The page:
ESSAY COMPETITION - PANTYCRWYS - FEB 1ST 1930
ADJUDICATOR :- REV. WALTER BOWEN B.A.
ESSAY :- THE DEVELOPMENT OF BUS SERVICES IN CRAIGCEFNPARC
Our story date as far back as 1924 when the little coal-mining village of Craigcefnparc knew no buses. The country folk peacefully went about their daily tasks, never dreaming about a bus service for the village nor anything of the like. It was then that one, William Griffiths, a blacksmith in the Graigola Merthyr colliery bought a Ford car. A little later, the same William Griffiths opened a shop, and he purchased a Ford lorry to take out the goods. Here, on a very small scale, the bus service commenced its rapid development.
Seats were made to fit into the lorry by one David John Morgan, the village carpenter, and when not in use for shop purposes, the lorry, which was able to carry fourteen seated passengers, was used for making trips or running a service now and again to Clydach.
This proved successful, and at the beginning of 1925 Wiliam Griffiths purchased a real bus which held twenty passengers. It was a Lancia Saloon Bus, painted red, and was called the Parc Eclipse. This was an important step in the development of a 'bus service for Craigcefnparc.
Every Saturday a 'bus left Craigcefnparc at 12 noon and at 2.00 p.m. respectively "en route" for Swansea via Rhydypandy, Pontlasse, Morriston. The Lancia was a very good machine, but it had to run under all conditions, and was rapidly wearing away. Many months later the Lancia chassis was sent away, and a new bus, a Spa, painted a green and yellow, was bought. The Griffiths' Garage is situated on the 'Bank' and mainly consists of zinc.
By this time William Griffiths had secured to run his buses to Swansea via Clydach and Morriston, but was not allowed to pick up passengers in the Borough of Swansea. The people of the village and of Upper Clydach gave their whole hearted support to the "Eclipse" Company.
Another 'bus was now soon purchased, as the business was thriving. It was a twenty six seater "Dubros W & G. London!", a machine which gave the company a great deal of trouble.
In 1926 a real time-table was set up, buses running week-days as well as Saturdays from the village to Swansea. In the latter part of the year, a thirty two seater Albion bus was purchased. This was the first of its type for Griffiths to own as the driver was seated above the bonnet. There are five sons, and by now all are working on the buses.
By this time a manager was essential, and the Rev. Walter Bowen B.A. a son-in-law of Wm Griffiths was given the post. Another Albion bus of the same design quickly followed, a third coming in July 1927. By this time the W & G had been disposed of, as the engine was not up to much good, especially for the extremely steep hills around the village.
At this period the Eclipse company, with two other companies bought the Fairwood Garage, Swansea: later came into full possession of it, and renamed it Northampton Place, and an office was established there-in.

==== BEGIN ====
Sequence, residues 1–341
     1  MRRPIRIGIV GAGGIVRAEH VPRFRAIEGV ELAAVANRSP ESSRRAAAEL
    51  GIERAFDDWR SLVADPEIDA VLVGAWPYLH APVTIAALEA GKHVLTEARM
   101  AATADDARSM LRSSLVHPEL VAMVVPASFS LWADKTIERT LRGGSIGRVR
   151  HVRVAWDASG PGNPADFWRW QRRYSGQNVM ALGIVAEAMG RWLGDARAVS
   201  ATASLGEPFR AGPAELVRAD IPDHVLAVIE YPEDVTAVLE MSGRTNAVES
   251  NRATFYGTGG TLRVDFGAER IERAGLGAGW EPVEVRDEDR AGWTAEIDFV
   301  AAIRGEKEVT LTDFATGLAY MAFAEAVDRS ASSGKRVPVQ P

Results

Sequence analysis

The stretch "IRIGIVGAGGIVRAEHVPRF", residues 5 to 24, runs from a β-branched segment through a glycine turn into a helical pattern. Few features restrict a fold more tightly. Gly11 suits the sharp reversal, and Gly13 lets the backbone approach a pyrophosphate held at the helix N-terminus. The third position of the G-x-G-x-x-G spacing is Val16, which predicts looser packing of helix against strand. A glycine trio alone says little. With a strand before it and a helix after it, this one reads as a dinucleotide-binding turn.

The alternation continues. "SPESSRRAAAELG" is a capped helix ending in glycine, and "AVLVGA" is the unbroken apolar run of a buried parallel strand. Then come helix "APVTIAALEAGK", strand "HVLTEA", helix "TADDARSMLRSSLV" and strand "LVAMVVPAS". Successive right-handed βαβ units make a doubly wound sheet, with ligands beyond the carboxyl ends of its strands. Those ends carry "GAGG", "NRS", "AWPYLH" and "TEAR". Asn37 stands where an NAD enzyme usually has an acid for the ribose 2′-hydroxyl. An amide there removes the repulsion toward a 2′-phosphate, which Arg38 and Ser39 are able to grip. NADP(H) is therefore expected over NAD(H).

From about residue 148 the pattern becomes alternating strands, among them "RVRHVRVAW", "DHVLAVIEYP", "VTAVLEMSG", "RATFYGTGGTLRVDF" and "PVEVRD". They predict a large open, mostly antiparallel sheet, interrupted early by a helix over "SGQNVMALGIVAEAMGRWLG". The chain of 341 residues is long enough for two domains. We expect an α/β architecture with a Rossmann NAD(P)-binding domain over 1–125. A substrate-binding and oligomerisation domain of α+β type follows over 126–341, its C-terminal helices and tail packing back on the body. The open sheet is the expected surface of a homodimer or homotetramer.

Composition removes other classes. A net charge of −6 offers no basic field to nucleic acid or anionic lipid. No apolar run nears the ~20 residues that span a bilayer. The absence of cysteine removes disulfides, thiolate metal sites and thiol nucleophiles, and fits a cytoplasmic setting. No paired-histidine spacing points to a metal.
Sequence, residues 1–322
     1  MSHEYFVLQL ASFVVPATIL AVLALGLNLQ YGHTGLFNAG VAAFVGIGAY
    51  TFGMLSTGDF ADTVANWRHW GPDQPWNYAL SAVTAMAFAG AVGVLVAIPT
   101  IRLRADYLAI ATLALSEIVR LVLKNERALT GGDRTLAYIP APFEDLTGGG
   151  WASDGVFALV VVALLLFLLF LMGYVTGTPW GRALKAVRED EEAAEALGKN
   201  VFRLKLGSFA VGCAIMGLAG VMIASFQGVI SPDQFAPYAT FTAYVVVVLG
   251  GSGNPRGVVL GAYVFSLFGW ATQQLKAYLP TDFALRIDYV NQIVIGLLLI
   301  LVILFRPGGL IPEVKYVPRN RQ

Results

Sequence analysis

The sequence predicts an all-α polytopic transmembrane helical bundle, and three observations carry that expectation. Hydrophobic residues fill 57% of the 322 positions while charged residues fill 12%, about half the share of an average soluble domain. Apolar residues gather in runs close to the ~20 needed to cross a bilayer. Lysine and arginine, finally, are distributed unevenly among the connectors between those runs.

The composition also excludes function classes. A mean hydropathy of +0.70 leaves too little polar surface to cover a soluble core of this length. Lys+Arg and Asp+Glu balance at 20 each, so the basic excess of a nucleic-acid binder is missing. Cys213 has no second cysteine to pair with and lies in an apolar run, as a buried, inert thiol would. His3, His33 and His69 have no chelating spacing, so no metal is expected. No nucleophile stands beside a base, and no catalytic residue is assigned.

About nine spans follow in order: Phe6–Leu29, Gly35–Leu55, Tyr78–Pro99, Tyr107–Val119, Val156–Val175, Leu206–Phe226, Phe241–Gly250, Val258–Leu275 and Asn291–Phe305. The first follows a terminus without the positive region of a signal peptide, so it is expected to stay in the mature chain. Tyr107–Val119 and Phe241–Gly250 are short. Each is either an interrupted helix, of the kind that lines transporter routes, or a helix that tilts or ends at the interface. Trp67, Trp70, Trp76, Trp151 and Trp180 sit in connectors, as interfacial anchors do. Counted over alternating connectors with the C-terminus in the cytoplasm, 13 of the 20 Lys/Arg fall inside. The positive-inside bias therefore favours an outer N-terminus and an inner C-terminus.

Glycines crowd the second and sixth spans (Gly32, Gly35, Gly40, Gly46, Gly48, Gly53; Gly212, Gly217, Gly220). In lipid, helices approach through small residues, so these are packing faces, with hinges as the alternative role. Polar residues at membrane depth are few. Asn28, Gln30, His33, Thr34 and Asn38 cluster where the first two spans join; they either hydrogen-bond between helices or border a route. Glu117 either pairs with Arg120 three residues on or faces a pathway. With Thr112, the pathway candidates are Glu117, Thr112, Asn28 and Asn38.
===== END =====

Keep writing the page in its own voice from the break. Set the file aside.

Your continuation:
The Spa then parted from the company, the most efficient and most powerful machine that the company had seen, and a second-hand Dodge fourteen-seater 'bus was purchased. At the time when the eclipse first used it, it had terrific acceleration, and could shoot up even the Lone Hill, with passengers on 2nd gear!
As time was wearing on the Company was employing more hands, and soon after, a Dennis 20-seater 'bus was bought.
At this period, another company, the "Leyland Saloon Sevice commenced to run buses to Craigcefnparc as far up as Graig-Cwm. They did not succeed to much extent, and soon gave it up.
It was then that Griffiths started to run a 'bus up to Graig Cwm, and also over to Salem every Friday evening and on Saturdays. With the coming of the Dennis, an Eclipse service commenced to run over to Glais, and soon the Eclipse Saloon Service was well known throughout the district.
Another Albion twenty-five seater arrived not long after, but in August 1928 the company, with all other small bus companies had to hear a case in London, brought against them because of the picking up of passengers in the Borough of Swansea. They had been warned on previous occasions, but the case was decided in their favour, and they were still allowed to run their service, although they did not have the privilege of picking up passengers in the Borough.
The service to Graig-Cwm, Salem and Glais, was rapidly declining as the company needed its buses for the main highways. The company secured licenses to run buses up to Swansea Valley as far as Ystalyfera, and thus more buses were again needed.
The Dodge met with a tragic end over in Glais. One day while being driven on Glais Road by the Eclipse Mechanic, the engine burst into flames, and the well-known Dodge was destroyed.
Two 'buses, a Leyland Lion, and a Leyland Tiger were soon added to the Eclipse 'buses, and the services up the valley prospered to a very great extent.
The Dennis was now disposed of as the engine was giving the company continual trouble, mainly from the magneto.
Nevertheless. Another Leyland bus, a lion, arrived during the winter of 1929. All the Leyland are thirty-six seaters, and at the present time, the Eclipse have seven buses on the road, and they employ approximately twenty-eight men. Hence a colliery blacksmith gave a boon to his native village, and the Eclipse Saloon Service is very well known today.